Founder and Dean of Yeshivath Sharashim
Chaim Eisen, 53, a graduate of the Yeshivat Hakotel Theological Seminary in Jerusalem (yeshivah and rabbinical kolel programs), also studied science and general philosophy at Columbia University of New York. Along with his traditional background in religious studies, he holds a degree in biophysics from Columbia, having graduated summa cum laude with membership on the Dean’s List and in the Phi Beta Kappa honor society. He has been teaching, editing, and publishing Judaica professionally for over thirty years.
Besides Yeshivath Sharashim, he serves as a senior lecturer in adult education at the Seymour J. Abrams Orthodox Union (OU) Jerusalem World Center (formerly, the OU-NCSY Israel Center), where he has taught for thirty years. Over the years, his lecture series there have completed study of Ethics of the Fathers on multiple occasions, as well as the philosophical classics The Kuzari and Guide of the Perplexed. His current classes also include series in early Biblical commentaries, Talmudic Aggadah, classic Jewish thought, and Jewish philosophy. In addition, he has delivered numerous special talks on the holidays and the weekly Torah portions. More generally, he lectures — particularly, on the Bible, Jewish thought and philosophy, and education — throughout Israel, North America, and Europe, having served as a “scholar-in-residence” and guest lecturer in numerous communities and at OU Torah Conventions.
For over twenty years, he also taught Biblical commentary, Talmud and Midrash, and especially Jewish thought and philosophy at various seminaries in Israel — most recently, both Yeshivat Hakotel’s Foreign Students and Israeli Hesder programs. There, he initiated and directed the Advanced Seminar in Jewish Thought, for students with the acumen and commitment to pursue an extra course of study, stressing the philosophical classics, besides the traditional yeshivah curriculum. In addition, he taught weekly Hebrew and English classes in Jewish thought to older, more advanced students and a daily class in the Talmud’s non-legal, Aggadic passages for the oldest, most advanced foreign students. He also effectively discharged the role of mashgiach ruchani (spiritual guide), devoting many hours weekly to personal counseling and conversations with students on a broad spectrum of issues and questions.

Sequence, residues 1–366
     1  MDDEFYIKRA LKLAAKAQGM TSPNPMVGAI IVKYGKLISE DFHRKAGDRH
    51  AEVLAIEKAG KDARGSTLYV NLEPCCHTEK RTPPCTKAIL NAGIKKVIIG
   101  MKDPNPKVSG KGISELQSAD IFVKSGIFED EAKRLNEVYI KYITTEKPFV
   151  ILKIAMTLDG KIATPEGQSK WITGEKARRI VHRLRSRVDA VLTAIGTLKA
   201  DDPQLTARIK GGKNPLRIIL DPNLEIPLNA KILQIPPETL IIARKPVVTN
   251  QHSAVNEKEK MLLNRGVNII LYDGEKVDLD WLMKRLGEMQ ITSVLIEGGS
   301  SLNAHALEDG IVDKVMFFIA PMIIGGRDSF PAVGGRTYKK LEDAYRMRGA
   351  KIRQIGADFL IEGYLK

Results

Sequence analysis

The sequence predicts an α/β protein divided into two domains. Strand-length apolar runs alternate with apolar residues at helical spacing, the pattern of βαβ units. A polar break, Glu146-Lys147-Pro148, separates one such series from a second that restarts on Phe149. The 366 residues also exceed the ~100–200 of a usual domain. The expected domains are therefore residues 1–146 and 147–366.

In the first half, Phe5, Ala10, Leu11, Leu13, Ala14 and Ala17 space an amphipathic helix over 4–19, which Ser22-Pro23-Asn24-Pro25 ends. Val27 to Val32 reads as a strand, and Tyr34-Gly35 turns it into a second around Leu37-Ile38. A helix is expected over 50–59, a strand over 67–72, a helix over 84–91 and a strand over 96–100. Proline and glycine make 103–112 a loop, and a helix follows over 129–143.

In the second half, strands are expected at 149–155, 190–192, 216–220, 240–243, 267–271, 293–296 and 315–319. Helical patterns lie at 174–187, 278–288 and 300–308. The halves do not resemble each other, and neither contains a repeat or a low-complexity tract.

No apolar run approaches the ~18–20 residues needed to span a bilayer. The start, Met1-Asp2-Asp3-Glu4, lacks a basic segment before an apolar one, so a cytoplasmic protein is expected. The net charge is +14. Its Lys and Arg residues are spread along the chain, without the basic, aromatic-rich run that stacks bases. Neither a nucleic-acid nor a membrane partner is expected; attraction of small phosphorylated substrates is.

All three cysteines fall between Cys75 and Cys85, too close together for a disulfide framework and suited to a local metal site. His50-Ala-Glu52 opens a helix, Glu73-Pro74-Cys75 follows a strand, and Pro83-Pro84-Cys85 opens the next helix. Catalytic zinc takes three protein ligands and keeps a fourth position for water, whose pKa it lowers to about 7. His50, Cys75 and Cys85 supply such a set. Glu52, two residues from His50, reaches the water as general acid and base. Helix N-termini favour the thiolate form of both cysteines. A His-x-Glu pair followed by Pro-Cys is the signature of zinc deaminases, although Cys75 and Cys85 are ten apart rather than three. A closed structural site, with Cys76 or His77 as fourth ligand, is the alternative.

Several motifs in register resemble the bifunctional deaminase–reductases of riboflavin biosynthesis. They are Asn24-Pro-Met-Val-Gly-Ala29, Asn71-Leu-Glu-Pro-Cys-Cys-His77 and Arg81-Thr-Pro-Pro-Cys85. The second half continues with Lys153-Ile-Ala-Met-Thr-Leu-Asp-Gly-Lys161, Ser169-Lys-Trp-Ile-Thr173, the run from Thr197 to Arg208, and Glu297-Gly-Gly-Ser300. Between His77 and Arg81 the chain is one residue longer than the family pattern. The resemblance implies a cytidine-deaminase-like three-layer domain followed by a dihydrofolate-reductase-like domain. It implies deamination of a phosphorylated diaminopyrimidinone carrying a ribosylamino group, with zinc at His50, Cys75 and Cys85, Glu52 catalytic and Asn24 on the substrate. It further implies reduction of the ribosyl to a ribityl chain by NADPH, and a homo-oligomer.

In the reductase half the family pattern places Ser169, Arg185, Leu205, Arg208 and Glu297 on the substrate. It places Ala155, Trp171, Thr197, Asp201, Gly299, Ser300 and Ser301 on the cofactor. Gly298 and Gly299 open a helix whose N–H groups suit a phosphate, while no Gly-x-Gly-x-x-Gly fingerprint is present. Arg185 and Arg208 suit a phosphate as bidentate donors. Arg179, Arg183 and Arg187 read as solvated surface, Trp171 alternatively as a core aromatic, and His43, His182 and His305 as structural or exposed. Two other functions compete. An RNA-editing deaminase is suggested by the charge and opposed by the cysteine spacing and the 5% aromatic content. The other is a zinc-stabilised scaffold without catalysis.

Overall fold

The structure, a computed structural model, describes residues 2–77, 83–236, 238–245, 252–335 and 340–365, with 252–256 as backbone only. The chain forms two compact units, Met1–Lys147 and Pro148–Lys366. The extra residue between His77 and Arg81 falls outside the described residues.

In addition, he served as a Torah lecturer in the Israel Defense Forces (IDF) Rabbinate Torah Lecture Corps (reserves), for over sixteen years. Although retired from the IDF Rabbinate, he continues to serve on a voluntary basis as a Torah lecturer in the IDF. Besides teaching, he was founding editor of the OU journal Jewish Thought: A Journal of Torah Scholarship and has written and edited numerous essays in this field. A frequent contributor to the OU magazine Jewish Action, his publications there include “Is Yeshivah Education Accomplishing What It Should?” (JA, 62, No. 2 , 44-50; JA, 63, No. 1 , 14-21; JA, 63, No. 3 , 5-6 [letters]) and an essay in “Symposium: ‘You Have Chosen Us from amongst the Nations’” (JA, 65, No. 1 , 18-25). He also volunteers as a board member of Operation Dignity, a relief organization on behalf of the former residents of Gush Katif.
Over the past years, he has become increasingly involved in “building bridges” with Christian believers, through lectures and informal meetings in Israel, North America, and Europe, and via the Internet. He maintains that Jews and Christians should put aside differences pertaining only to the Messianic era, leaving them where they ultimately belong: in God’s hands. More generally, he advocates a dialogue of Jews and Christians mutually respecting their differences while affirming that more unites them, through devotion to the God of the Bible and dedication to His word that they both love and revere. He believes it is imperative for all people to join together now to do God’s holy work as He charges us. He prays that all men and women of faith may stand shoulder to shoulder in joint efforts readying the world for God’s “great and awesome day” (Joel 3:4 and Malachi 3:23), speedily, in our days.
He first came to Israel thirty-five years ago as a student, and essentially — apart from his final year at Columbia University — he has remained, leaving only for his occasional lecture tours abroad. He lives in Jerusalem with his wife of twenty-nine years, Raye (née Rakeffet), and their three sons (and, so far, one daughter-in-law and one grandson). All their sons have served in active combat duty as fighters in “Nahal Haredi,” the Netzah Yehuda Battalion of the elite Kfir Brigade of the IDF, within the framework of the Hesder program.